2. Fordism and the State 

 

An important moment that becomes more pronounced during the events of 1973 involves the transformation from Fordism to globalization.  Because Fordism remained an industrial arrangement tied to the automobile as the basis for mass production, it reached an end-point (or transitional moment) as the post World War II military complex and federal control of highway funding combined to capture certain economic and military logics for the state.  Certainly a number of components of Fordism infiltrated other industries and managed to find a niche for themselves alongside the apparatus of the state.  The corporate quest for growing markets and a new manufacturing structure also intensified as labor and the production process became more integrated.  Many contradictory motions pushed corporate entities in diffuse and uncertain directions—a capitalism contingent on political maneuvering, state diplomacy, and a constantly shifting set of market parameters.  The Cold War and its ensuing global chess game for influence also fueled the expansion of the state and the reach of government institutions, whether those institutions exerted themselves in the name of democracy or communism.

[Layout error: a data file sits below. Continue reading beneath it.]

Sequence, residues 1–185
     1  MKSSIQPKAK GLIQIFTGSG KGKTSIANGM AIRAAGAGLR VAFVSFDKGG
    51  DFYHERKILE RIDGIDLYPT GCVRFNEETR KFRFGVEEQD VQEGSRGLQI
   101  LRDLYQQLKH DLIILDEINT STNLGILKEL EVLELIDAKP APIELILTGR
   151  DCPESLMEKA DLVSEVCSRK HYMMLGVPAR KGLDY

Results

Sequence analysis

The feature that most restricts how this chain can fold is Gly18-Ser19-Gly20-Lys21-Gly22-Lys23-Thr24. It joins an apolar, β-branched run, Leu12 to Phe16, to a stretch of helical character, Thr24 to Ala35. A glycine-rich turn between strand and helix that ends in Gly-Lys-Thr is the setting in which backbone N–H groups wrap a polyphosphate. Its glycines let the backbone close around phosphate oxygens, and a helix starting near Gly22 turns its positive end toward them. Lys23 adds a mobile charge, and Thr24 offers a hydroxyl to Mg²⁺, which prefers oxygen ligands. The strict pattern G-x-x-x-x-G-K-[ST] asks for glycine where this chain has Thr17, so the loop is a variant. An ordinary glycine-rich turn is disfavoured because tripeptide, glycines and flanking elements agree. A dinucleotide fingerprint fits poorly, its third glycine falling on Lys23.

By 1973, corporations are experiencing distinct transformations: they are breaking away from the state by creating new profit structures and diversifying across borders to take advantage of abundant labor and tax incentives wherever they may be located, and they are incorporating themselves into the state or subordinating their operations to the regulations and policies imposed by the state.  Barlett and Steele lay out both of these transformations in succinct fashion.  They talk about the expansion of the corporate scope by reducing the United States to one of the objects of the large energy conglomerates: “In this period, the United States became merely another customer of the American multinational oil companies which supply most of the free world’s oil” (Barlett & Steele, 1974, p332).  Barlett and Steele (1974, p333) also talk about the state’s use of the energy crisis to further political aims and attach themselves to business lobbies: “The Administration has consistently overdramatized the extent of the shortage and helped create much of the panic seen today at the gas pump.”  It was ultimately the war and the oil embargo of 1973 that catapulted both of these capturing motions to the forefront.  Once again, the motions of Fordism helped to generate a multi-dimensional effect.